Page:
The Swan Book (2013) by Alexis Wright

Content Warning: This book contains content pertaining to sexual assault and violence that may not be fit for certain audiences.

  • The Swan Book is a climate fiction (cli-fi) novel following a young aboriginal girl named Oblivia as she navigates Australia after life- and land-altering extreme climate changes. The novel explores how climate change in combination with governmental power can affect an entire nation socially and ecologically. This story acknowledges indigenous people’s relationship with the Earth and their ability to have a symbiotic relationship with nature. 
  • Alexis Wright is a member of the Waanyi Nation, author and land rights activist. She has written several short stories and novels, all of which present indigenous perspectives that often deal with the rights of people and treatment of land. The Swan Book was shortlisted for the 2014 Victorian Premier’s Literary Award for Indigenous Writing. The book won the 2014 ALS Gold Medal, which is an annual award from the Association for the Study of Australian Literature (ASAL), and the 2016 Kate Challis RAKA Award for Aboriginal Literature, which is awarded once every five years.

Published by Giramondo Publishing (2013).

How does it relate to climate?

  • The book is set in a future Australia that has been forever altered as a result of climate change. The main character, Oblivia, lives in a world that is experiencing devastating floods. As a result, much of Australia has developed into swamp land, occupied by swans.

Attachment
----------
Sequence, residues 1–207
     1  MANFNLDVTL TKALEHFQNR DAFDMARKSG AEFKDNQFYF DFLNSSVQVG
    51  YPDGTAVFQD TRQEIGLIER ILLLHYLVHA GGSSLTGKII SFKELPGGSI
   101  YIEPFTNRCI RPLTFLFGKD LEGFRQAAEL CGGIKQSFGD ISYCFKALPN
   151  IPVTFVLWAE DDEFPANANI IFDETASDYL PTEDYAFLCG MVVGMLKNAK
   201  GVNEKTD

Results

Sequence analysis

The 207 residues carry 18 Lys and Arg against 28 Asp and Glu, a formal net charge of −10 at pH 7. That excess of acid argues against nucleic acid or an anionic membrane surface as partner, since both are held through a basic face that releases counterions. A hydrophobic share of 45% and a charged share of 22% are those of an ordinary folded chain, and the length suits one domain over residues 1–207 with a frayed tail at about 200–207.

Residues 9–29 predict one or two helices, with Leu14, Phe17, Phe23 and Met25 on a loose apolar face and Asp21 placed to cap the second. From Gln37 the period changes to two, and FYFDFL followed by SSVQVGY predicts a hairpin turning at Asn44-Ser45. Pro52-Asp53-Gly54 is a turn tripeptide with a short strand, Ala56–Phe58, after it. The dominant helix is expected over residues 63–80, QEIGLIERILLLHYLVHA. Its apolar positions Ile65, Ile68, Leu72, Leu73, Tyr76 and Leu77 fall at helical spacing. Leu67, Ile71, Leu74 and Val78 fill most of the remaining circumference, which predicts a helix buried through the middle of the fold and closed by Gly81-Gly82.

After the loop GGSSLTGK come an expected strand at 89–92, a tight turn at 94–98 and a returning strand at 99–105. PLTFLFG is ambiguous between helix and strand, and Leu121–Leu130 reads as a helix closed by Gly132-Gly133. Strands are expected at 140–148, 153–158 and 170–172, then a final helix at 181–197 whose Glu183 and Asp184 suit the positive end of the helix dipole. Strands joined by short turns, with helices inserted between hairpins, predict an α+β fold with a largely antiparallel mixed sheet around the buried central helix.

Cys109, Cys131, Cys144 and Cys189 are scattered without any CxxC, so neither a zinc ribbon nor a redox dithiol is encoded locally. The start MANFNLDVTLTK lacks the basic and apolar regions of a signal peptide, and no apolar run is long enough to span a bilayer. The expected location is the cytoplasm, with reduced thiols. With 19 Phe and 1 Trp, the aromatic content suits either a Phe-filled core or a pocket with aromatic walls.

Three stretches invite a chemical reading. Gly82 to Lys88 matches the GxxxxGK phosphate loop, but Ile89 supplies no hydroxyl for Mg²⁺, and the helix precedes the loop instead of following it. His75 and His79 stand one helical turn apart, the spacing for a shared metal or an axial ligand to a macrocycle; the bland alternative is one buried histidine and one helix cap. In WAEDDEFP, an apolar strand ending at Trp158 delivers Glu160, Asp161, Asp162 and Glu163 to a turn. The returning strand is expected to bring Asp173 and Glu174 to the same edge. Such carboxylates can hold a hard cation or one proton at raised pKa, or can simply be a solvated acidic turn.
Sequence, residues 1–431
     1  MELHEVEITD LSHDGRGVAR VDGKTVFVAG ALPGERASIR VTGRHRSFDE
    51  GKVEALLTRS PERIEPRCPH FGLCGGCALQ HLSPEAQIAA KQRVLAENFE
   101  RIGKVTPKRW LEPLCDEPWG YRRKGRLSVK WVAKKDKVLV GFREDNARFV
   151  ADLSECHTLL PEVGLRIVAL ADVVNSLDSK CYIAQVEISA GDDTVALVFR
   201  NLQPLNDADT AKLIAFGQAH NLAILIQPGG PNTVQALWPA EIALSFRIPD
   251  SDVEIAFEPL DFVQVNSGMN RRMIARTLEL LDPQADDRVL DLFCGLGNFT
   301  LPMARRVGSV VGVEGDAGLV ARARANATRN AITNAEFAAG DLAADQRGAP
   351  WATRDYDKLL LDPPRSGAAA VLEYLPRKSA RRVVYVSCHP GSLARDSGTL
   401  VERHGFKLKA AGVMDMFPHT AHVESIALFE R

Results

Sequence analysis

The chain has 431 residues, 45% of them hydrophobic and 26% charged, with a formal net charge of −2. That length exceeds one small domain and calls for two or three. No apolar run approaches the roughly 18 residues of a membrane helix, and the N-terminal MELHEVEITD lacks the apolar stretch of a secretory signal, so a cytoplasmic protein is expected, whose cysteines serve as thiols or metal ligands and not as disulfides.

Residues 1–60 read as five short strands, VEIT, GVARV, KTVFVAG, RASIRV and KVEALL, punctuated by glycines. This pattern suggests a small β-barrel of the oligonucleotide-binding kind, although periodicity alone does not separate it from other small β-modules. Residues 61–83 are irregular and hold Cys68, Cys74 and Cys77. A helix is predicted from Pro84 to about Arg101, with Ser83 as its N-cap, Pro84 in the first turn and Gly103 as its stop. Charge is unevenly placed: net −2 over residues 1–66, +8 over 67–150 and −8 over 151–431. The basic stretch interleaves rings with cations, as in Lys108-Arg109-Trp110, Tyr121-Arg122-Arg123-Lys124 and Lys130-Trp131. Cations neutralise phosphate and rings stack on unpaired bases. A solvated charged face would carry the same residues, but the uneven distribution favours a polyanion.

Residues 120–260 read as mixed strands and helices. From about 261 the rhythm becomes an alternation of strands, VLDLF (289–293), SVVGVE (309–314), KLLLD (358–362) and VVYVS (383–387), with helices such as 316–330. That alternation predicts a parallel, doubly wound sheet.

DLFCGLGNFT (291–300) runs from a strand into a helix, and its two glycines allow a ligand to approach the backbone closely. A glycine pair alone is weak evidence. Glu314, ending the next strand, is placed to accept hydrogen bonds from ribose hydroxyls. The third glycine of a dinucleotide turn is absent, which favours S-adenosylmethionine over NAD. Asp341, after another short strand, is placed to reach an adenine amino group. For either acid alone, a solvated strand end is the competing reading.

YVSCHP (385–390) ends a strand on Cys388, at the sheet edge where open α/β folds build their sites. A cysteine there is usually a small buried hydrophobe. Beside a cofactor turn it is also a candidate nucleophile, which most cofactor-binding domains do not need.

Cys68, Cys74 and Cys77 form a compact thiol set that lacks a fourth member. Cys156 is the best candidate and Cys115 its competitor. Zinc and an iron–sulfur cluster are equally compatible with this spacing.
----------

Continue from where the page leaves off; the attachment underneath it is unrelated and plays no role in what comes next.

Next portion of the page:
• The fairytale style of telling this story provides rich insights into the grim realities faced by many indigenous people, while also presenting environmental impacts resulting from climate change in a dramatized and entertaining way. The swans help lead and direct Oblivia throughout the story, which illustrates and recognizes the relationship between the natural world and indigenous people.
  • The story demonstrates how we can think about climate change in relation to indigenous peoples’ view of nature, and encourages conversations surrounding the effects of climate change on indigenous communities. Alexis Wright writes that indigenous people’s worldview “ties us with the land and the environment through stories and Aboriginal law” (i.e., indigenous culture and beliefs), and her novel The Swan Book serves as a perfect example.

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